Richard Boucher, Assistant Secretary of State for South and Central Asian Affairs, warned the government and Tamil Tigers on a previous trip in November that there was no military solution to the island's two-decade civil war, but both sides ignored him and fighting continues to deepen.
His visit follows Britain's decision last week to suspend around $3 million in debt relief aid, citing concerns about human rights abuses and mushrooming defence spending, a move Sri Lanka's foreign minister dismissed on Monday as insignificant.
"He's likely to tell the Sri Lankan government that they are responsible for law and order in areas under their control and that they should make changes to address accountability in the security forces," said one foreign diplomat on condition of anonymity.
"The international community believes the Karuna group in the east must be reined in," the diplomat added, referring to a band of former rebels who analysts say are helping the government to wage war against their former Tiger comrades.
Government officials now refer to the group's leader, Colonel Karuna, renowned as a ruthless top former Tiger commander, as a political dissident and even tout him as a candidate to run an eventual new civil administration in the east.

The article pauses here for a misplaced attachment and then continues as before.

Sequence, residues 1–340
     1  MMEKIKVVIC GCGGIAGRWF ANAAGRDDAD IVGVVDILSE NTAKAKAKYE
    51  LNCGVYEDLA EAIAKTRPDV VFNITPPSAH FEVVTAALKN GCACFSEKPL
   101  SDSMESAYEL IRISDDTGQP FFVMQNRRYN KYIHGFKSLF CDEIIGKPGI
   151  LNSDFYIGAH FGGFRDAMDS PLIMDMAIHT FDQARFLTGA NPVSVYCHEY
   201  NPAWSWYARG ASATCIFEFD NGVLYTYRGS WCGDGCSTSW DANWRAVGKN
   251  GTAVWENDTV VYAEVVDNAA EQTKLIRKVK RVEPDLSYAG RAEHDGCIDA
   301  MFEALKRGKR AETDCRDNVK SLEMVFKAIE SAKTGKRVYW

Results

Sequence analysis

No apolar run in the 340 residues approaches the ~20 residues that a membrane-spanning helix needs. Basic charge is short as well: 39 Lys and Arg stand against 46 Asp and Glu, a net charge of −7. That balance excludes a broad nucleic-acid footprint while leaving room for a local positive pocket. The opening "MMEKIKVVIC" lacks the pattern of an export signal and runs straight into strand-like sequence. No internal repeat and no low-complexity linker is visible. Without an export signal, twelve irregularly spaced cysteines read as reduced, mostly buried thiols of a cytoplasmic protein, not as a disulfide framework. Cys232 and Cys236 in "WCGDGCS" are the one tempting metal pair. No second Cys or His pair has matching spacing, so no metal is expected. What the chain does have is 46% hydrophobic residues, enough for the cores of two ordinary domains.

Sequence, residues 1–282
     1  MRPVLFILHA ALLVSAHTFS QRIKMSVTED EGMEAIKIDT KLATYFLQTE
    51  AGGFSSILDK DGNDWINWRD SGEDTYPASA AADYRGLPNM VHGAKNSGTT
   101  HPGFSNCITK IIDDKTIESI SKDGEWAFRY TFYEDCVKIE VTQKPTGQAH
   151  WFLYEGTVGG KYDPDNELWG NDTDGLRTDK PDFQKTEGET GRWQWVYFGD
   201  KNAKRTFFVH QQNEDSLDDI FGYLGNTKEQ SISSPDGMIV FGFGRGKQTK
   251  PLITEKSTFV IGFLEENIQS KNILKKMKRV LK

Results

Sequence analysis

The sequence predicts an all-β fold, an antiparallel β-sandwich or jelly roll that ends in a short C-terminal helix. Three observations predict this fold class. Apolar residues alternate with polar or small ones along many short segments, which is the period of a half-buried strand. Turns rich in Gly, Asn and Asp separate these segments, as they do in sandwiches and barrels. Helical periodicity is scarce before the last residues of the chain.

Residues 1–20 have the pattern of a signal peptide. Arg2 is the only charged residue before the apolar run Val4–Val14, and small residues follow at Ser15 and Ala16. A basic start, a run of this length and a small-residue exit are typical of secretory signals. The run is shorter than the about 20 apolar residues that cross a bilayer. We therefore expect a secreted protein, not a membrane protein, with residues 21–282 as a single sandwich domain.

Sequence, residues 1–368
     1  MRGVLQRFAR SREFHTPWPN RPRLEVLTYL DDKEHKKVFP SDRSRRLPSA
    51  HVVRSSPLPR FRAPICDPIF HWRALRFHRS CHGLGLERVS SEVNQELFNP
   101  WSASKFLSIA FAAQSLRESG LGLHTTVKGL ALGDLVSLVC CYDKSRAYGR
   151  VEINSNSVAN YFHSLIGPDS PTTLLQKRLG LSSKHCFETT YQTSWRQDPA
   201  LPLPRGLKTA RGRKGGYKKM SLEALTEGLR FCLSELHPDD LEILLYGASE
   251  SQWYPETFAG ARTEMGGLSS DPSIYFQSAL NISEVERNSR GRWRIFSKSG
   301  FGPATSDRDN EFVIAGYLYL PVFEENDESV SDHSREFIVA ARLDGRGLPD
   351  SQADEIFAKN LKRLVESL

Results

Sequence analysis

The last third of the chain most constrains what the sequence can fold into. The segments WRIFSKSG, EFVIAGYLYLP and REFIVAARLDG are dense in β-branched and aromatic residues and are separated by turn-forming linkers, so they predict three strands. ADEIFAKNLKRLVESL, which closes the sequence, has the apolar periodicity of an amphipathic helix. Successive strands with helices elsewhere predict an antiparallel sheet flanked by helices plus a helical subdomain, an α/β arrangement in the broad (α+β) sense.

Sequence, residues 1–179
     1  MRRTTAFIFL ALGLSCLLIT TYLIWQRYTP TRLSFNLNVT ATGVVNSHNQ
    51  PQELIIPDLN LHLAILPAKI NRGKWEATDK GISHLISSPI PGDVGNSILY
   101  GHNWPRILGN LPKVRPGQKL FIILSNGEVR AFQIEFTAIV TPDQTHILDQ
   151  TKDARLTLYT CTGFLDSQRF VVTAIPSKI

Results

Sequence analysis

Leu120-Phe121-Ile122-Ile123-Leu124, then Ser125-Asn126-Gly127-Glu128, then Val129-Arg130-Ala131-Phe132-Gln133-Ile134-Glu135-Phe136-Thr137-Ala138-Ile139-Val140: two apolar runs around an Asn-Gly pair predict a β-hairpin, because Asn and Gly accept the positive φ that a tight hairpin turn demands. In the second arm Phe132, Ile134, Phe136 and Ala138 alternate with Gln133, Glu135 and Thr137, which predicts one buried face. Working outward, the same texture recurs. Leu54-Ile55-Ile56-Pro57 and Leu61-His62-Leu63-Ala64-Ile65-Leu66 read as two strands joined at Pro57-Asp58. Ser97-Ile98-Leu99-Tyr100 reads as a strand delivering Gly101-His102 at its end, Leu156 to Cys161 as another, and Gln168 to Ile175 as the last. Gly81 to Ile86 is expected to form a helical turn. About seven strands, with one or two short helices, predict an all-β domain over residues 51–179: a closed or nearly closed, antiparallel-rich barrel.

Nordic truce monitors and a UN envoy have accused elements of the military of involvement in extrajudicial killings and abductions of children to fight in the ranks of the Karuna group. The international community has called on Colombo to bring a halt to rights abuses.
Boucher is due to meet civic and community leaders during this three-day stay, and to visit the besieged army-controlled northern Jaffna peninsula, which is cut off from the rest of the island by rebel lines, on Wednesday.
However Boucher's visit comes amid near-daily land and sea clashes between the military and Tigers, and a day after the air force said it had bombed a rebel training camp near their northern stronghold, which is southwest of Jaffna.
His arrival also follows a government minister's comment on Monday that Sri Lanka wanted peace broker Norway to review whether to scrap a tattered 2002 ceasefire pact which has broken down on the ground and now holds only on paper.
The Tigers have vowed to intensify their fight for an independent state in north and east Sri Lanka, and the military pledge to wipe out all rebel military assets -- a cocktail analysts say means a war that has killed nearly 70,000 people since 1983 is set to escalate.
- Reuters - Thomson Reuters Foundation
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